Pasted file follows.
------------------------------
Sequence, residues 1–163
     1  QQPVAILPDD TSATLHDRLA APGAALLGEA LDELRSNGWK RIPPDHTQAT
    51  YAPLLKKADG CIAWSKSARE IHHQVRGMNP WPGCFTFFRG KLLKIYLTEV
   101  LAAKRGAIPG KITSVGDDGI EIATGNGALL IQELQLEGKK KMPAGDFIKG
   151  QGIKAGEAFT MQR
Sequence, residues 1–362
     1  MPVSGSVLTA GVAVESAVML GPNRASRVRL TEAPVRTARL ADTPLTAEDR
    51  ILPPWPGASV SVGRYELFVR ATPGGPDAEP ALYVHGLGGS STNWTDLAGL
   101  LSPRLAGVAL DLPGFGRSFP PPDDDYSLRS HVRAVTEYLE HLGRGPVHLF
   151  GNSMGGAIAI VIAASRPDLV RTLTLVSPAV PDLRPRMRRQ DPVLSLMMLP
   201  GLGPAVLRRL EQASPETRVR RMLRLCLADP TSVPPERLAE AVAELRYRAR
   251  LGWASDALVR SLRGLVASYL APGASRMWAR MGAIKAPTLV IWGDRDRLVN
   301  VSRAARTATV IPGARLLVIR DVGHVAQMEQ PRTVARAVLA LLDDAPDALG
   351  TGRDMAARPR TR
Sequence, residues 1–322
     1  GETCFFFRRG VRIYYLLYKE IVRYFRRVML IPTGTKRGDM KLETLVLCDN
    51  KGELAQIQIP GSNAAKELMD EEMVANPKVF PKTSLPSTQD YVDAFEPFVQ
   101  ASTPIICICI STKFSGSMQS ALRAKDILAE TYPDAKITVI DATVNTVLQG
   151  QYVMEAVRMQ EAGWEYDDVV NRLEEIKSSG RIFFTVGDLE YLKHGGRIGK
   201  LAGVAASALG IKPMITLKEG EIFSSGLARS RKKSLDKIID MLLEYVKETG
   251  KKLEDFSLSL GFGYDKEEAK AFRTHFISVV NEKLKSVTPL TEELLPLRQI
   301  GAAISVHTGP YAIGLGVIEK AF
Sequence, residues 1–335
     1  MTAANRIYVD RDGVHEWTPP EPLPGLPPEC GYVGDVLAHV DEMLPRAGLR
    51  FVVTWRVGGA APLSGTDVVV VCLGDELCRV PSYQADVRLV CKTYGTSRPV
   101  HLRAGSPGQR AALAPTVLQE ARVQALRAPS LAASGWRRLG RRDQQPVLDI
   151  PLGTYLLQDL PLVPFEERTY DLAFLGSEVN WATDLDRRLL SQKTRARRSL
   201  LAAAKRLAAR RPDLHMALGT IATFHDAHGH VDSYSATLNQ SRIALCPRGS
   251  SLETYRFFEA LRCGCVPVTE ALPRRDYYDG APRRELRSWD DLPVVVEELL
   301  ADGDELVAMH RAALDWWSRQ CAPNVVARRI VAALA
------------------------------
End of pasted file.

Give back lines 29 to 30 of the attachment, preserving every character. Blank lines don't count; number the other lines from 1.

   251  SLETYRFFEA LRCGCVPVTE ALPRRDYYDG APRRELRSWD DLPVVVEELL
   301  ADGDELVAMH RAALDWWSRQ CAPNVVARRI VAALA